7. On June 25, 2015, the Petitioner sent a copy of the Leave Agreement to Director Kowacki via electronic mail noting, “Do you or your staff see any problems with it?  It is getting me to my 65th birthday…for retirement purposes.”  In an electronic mail reply the following day, Director Kowacki informed the Petitioner that FBBS counsel “cast a pall on the entire agreement.”  (Exhibit 5.)
  8. On July 29, 2015, the Westfield Public Schools Director of Human Resources, Jennifer Willard, confirmed that the Petitioner had worked as a substitute teacher in the Westfield Public Schools from October 3, 2002 to December 31, 2003.  This was the first time that any information was provided to the FRRB regarding the Petitioner’s Westfield employment.  The July 29, 2015 letter did not provide the exact number of days that the Petitioner worked as a substitute teacher or the compensation he received per day for this work.  (Exhibit 6 and Petitioner Testimony.)
  9. On September 3, 2015, Director Kowacki sent the Petitioner an electronic communication noting that only a member actively employed could purchase past non-membership service, and, that since the Petitioner’s active employment ended on July 10, 2015, he was ineligible to purchase his Westfield Public School substitute teacher service.  Director Kowacki also noted that the Westfield Public Schools had not provided sufficient information pertaining to the number of days the Petitioner had actually worked as a substitute teacher and his actual earnings.  (Exhibit 7.)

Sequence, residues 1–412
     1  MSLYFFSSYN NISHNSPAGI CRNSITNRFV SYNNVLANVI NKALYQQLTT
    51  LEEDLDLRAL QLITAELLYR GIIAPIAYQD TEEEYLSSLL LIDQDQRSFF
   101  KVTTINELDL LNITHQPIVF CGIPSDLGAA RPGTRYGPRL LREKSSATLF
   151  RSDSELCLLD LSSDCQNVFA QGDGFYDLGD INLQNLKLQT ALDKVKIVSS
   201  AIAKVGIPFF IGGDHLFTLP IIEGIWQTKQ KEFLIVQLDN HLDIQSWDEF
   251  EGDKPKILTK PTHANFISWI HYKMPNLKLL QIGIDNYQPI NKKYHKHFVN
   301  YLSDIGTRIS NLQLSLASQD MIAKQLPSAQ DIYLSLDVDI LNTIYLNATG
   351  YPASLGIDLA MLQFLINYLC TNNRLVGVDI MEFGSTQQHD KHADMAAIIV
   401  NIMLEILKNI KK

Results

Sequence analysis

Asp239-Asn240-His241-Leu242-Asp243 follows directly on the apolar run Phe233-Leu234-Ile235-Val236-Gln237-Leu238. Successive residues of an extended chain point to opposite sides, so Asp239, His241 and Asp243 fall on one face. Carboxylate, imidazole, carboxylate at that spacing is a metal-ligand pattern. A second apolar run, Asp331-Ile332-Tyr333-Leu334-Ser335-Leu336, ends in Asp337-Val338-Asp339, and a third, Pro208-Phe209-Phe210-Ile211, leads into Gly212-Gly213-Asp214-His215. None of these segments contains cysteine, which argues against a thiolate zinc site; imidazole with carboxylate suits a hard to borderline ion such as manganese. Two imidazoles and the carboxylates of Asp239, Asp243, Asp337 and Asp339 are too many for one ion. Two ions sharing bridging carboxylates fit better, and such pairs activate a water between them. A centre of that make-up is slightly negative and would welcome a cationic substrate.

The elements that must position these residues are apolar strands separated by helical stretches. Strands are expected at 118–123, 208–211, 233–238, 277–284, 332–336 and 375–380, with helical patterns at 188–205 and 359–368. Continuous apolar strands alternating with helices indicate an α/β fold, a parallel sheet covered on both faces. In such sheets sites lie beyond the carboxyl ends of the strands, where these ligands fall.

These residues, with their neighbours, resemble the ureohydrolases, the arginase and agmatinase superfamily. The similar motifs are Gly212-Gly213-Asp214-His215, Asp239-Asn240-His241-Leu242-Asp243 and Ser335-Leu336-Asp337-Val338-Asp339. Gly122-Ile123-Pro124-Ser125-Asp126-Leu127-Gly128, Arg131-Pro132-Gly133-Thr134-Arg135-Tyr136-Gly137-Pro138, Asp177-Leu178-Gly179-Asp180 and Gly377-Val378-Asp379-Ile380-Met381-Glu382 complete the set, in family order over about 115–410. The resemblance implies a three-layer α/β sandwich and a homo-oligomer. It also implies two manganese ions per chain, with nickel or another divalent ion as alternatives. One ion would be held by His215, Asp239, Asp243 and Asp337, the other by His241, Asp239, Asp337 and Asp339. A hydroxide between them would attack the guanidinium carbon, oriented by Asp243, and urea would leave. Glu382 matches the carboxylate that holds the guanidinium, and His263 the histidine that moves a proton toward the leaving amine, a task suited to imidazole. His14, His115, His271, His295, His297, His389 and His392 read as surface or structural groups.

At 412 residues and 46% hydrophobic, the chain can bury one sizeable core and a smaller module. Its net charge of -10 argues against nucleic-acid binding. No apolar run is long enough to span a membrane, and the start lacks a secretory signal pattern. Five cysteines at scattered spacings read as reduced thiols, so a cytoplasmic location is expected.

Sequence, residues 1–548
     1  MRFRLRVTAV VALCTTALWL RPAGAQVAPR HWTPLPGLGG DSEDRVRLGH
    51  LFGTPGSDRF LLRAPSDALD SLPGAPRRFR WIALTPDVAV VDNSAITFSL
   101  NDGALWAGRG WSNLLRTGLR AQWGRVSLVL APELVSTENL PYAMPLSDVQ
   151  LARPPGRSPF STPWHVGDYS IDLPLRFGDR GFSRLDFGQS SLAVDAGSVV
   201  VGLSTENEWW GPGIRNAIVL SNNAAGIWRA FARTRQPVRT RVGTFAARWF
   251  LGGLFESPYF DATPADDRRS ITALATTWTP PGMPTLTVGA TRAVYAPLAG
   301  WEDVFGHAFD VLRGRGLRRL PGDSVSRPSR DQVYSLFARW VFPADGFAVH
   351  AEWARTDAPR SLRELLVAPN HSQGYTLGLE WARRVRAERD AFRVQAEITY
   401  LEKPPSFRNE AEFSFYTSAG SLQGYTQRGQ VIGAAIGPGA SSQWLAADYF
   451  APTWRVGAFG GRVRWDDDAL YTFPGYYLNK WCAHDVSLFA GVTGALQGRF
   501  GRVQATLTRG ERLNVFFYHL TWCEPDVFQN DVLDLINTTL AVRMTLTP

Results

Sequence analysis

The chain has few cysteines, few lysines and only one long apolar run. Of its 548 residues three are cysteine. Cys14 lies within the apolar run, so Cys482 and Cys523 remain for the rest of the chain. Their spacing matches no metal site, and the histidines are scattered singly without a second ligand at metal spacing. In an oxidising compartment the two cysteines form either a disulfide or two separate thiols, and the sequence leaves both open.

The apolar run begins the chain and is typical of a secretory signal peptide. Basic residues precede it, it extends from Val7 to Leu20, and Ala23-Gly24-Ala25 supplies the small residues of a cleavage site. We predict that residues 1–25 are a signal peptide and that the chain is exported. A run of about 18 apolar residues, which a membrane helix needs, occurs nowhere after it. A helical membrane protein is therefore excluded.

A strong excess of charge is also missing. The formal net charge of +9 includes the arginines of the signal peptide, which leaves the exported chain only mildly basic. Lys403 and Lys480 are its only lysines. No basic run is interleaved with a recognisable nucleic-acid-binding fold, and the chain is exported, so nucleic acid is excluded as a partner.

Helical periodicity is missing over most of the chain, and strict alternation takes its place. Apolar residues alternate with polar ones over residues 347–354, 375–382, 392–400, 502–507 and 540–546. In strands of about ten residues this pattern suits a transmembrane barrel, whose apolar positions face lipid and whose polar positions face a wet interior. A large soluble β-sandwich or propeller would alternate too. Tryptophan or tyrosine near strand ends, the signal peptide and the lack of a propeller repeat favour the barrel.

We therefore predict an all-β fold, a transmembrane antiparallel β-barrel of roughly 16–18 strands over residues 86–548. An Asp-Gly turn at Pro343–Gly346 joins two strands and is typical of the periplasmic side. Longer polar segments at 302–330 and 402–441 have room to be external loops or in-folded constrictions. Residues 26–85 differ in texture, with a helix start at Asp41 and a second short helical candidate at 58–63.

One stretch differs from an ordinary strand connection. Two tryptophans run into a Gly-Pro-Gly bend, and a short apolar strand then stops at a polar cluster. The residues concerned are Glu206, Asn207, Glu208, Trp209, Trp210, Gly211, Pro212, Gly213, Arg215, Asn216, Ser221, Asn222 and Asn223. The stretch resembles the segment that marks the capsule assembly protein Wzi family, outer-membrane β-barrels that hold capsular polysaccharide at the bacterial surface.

10. On November 11, 2015, the Petitioner sent a letter to the FRRB and requested to appear before the board to discuss “the denial of some benefits that I believe I should be eligible to receive.”  In this letter, the Petitioner acknowledged that his employment effectively ended on July 10, 2015 (“my last day at Town Hall”), but the Town of Erving “offered” to keep him on the payroll through January 12, 2016, his 65th birthday.  The Petitioner also contested some additional compensation he received in previous years, as well as the purchase of the Westfield substitute teaching service.  (Exhibit 8.)